Italians have magical skin. I’m talking about Italians in Italy specifically, not the diaspora. It’s smooth. It’s poreless. It’s even. It’s elastic. Why? My cousin and I had this conversation. Male or female, it doesn’t matter. I dare you to find me an Italian whose skin is anything less than deific. How do they do it?
“Oh….you know, after you pour out the pasta, and there’s a little water left in the pan? You just tut-tut-tut.” Deborah mimes getting leftover pasta water on your fingertips and dabbing it on one’s face.
“No, really, and you can also…” Mimes spreading it on her arms and body. “And then you just let it dry and wash it off. It has many antiossidanti.”
I listen with great interest. On the way back to our Airbnb across the Parma River, it strikes me that she might be pulling my leg. But if you happen to see me massaging pasta water into my skin…well…
David and I had caught the train from Rome to Parma that day, with one train change in Bologna,and when she heard we had arrived Deborah invited us over for wine and garlic bruschetta. Then she also ended up making her grandmother’s recipe for orrecchiette with butter, tomato paste, and parmesan. (Or “PARmehJYANoh REJeeAHno,” as my aunt calls it. My aunt is immensely jealous of our trip to Parma. She’s been lugging around 2 lbs of cheese on the whole trip because it was such a great price, how could she NOT buy it? In Italy. At the start of her two week vacation.) It was simple and delicious, and Deborah says it reminds her of her grandmother. I teach her the phrase “comfort food.” She met my grandmother when my mom, grandmother, and I came to Italy together 30 years ago, and tells me how sorry she is that my grandma passed away last year. 💔
We talk about life and what it’s like to be in our 50s now instead of 17 (her) and 19 (me), like when we first met. I meet her daughter for the first time, a tall, willowy, orchid-haired beauty who is almost the age her mother was back then.
The next morning David and I choose to rest for awhile, then we toured around an open-air market nearby before having lunch. We return to our place to cool off and freshen up before Deborah and her good friend Stefano pick us up for a tour around Parma.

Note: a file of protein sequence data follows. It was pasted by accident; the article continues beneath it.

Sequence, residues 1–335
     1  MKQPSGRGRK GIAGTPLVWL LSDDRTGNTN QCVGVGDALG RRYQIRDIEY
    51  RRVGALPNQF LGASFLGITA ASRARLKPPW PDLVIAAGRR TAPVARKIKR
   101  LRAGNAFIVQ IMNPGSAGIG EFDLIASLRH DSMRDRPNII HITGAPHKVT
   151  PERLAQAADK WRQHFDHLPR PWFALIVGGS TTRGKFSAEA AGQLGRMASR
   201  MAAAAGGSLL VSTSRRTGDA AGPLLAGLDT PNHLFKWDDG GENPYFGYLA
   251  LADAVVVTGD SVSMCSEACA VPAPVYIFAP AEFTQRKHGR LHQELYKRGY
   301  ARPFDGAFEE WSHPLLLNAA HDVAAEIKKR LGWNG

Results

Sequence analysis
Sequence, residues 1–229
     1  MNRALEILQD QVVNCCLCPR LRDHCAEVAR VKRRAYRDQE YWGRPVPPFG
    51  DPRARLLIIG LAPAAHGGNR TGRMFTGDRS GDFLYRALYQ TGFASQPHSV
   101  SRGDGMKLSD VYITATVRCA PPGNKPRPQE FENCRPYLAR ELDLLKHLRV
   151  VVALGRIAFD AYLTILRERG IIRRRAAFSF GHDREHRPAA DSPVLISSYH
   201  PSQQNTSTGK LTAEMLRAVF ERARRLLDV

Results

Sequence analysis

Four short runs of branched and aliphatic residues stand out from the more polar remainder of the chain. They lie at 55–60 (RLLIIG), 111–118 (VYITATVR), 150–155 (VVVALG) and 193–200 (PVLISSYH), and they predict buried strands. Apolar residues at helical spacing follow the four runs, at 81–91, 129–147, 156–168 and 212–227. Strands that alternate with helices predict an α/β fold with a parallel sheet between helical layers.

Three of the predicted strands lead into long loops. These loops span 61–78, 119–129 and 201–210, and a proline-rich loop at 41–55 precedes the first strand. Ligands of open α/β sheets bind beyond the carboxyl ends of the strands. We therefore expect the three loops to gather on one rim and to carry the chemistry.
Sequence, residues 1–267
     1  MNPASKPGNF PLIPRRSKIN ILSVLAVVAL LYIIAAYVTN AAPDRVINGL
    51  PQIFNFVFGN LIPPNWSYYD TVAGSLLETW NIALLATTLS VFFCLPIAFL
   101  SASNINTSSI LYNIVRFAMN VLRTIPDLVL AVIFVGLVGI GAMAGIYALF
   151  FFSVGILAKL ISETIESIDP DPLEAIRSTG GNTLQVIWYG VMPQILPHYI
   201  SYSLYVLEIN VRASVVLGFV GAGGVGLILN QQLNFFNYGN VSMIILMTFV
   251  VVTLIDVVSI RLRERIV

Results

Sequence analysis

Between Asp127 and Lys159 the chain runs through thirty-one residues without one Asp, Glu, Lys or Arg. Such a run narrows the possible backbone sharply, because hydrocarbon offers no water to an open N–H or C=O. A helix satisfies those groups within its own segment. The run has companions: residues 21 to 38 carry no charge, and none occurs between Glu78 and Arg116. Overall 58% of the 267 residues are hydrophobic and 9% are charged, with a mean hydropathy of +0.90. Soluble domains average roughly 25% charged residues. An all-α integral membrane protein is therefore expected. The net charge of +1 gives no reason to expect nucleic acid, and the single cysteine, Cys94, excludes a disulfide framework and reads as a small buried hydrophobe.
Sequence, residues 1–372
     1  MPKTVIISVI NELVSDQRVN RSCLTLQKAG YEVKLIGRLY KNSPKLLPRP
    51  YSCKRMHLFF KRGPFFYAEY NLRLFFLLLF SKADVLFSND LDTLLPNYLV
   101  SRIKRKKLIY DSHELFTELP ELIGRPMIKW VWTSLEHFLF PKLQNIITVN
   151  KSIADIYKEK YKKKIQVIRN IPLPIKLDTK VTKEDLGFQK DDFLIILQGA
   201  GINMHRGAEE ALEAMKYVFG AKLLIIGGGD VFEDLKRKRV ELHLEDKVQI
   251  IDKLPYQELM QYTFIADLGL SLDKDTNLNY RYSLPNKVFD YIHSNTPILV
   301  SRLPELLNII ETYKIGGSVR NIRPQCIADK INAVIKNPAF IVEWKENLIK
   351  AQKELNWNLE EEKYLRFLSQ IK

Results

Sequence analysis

The thing that strikes me the most about Parma is how lush with trees the streets are. Almost every street we drive down has a thick canopy overhead – someone is brilliant, because it is just the thing to help with the summer heat. In spite of a drought, the area is rich and green.
They educate us on the fact that Parma is called the Paris of Italy and has lots of French influence as a result of Napoleon’s wife, Maria Luigia of Austria, being declared Duchess of Parma. The government of Maria Luigia installed a famous theater, maternity hospital, bridge, public garden, and more. We also learned about the Farnese family, who were essentially the Parma equivalent of the Florentine Medici.
We then drive out to through the countryside, into Langhirano which is where Parma ham comes from…
…and out to Castello Torrechiara, which was built by a 15th century count as a home for his mistress.
She must have been some mistress.
We then head over to Blue River Restaurant, which, we are informed, will be packed the next night with Italians dining on traditional tortelli in honor of St. John the Baptist’s feast day.
We choose a table and talk with Stefano and Deborah and eat ourselves blind. The food is great and the conversation is easy. It’s as if decades haven’t passed.
It starts to rain on the way home – the first rain for Parma in months – and I remember that I left my laundry out to dry.